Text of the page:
An insiders look at Dunbar School
Today I share good news about Dunbar kids. A more blessed group of students would be hard to find. Their school is tops. Truly.
I thought that for sure when both our sons attended. Then, as they outgrew Dunbar, heading for the next round of public schools, my sweetie and I lost faith in our Valley schools. I don't regret the decisions we made then, but I've long wondered about Dunbar's current educational status. Certainly, the physical plant is the gem of our Valley, but was the education still top rate?
I first checked out Dunbar just before the Christmas holidays joining the students to watch the San Francisco Opera's performance of "La Cenerentola."
The students didn't waste time riding a bus to San Francisco, the opera came to them. The show featured young opera stars, along with a select few Dunbar students, in a classical rendition of the tale of Cinderella.
Think opera too elevated for elementary students? Wrong! They loved the show. The students sat drop-a-pin silent, attention focused on the dramatic action, then they laughed uproariously at the humorous parts. Entirely engaged in this simple production, Dunbar students are just the kind of audience that David Gockley seeks for every show.
Last week, I headed up to Dunbar for another day of observation. Continuing the theme of arts at Dunbar, my day ended watching Kate Kennedy's crew of almost 50 lively fifth-graders practicing for their annual melodrama, "Wrongful Doings at Woeful Ranch." Watching Kate corral these enthusiastic youngsters and turn them into engaging performers is a delight. Observing photographer Michael Brady (aka Salvador) and his sidekick Birdie (Noemi) blossom under Kate's care was a hoot. By show time (Memorial Day weekend), these two will wow the audience with flashes of light and puffs of smoke.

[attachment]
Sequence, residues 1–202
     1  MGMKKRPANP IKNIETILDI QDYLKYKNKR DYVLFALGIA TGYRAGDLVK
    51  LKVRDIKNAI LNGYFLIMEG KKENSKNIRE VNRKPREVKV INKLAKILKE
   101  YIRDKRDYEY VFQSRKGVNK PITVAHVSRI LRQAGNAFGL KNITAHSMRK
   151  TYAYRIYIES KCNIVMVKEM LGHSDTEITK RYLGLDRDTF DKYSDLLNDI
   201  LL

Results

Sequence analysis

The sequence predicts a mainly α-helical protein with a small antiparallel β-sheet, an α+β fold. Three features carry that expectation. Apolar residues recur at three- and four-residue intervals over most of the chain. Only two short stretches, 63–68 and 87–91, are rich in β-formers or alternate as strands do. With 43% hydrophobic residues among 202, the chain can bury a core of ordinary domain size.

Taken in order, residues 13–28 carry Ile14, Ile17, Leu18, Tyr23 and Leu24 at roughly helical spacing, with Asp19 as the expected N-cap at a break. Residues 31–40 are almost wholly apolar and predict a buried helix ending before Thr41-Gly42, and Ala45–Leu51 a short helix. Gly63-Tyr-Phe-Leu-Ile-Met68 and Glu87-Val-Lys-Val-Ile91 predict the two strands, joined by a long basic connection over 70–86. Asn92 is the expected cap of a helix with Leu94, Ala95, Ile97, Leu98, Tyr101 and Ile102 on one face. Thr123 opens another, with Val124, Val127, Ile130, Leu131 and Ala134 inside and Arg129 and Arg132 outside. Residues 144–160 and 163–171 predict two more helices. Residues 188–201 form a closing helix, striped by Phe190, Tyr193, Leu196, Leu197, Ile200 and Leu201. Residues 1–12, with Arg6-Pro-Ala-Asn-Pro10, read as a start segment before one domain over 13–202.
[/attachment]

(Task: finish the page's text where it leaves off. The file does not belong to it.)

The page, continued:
Meanwhile, Kate was understandably proud that all of her young charges were already "off book," a feat some adult actors don't accomplish until well into rehearsal.
But it isn't just the arts that thrive at Dunbar. Science education is alive and well. Earlier that day, I visited Karen O'Hara's second-third-combo class where visiting professor Shannon Lee held court. Yes, she was treated like visiting royalty. The students, in unison, welcomed Dr. Lee with respectful enthusiasm and offered rapt attention.
Dissecting squids incited the students' curiosity and they easily absorbed Shannon's scientific lessons that included morphology, anatomy, Latin nomenclature and delightful hands-on learning. It was science education at its best.
Next up was a visit to the Dunbar garden where Allisa Pearce led kindergarten students in that familiar bean sprouting experiment that most of us tackled in high school biology. Wow!
Dunbar School is dynamic, thriving and not merely the place I would (happily) recommend for all children, but exactly where I'd like to be if I were an elementary student.
My grateful thanks to Melanie Blake, Dunbar's principal, for allowing me this intimate look at our local school.
Meanwhile, Joanne Consiglieri sent news about former Dunbar alumnus, Bradley Dreyer, who is still dealing with the devastating consequences of his severe head injury from a 2009 skateboarding accident. Friends of the family are planning a benefit for Bradley on the Saturday evening before Mother's Day, May 7. It will be a grand party with good food, dancing to great bands (thanks to Dave Aguilar and friends) and lots of interesting auction items. Add this to your calendar and we'll have more news to share soon. Check out Bradley's current news on the website, www.caringbridge.org/. If you specifically seek more information about Brad's benefit, contact JoAnn at 996-0240 or her event co-chair, Patti England at firstname.lastname@example.org.
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Share your good news with friends and neighbors in Glen Ellen. Call or write me at the numbers up there by my smile. Or email me at email@example.com. Glen Ellen chatter rarely requires timeliness; however, if your news does, please be sure to contact me at least two weeks before the run date.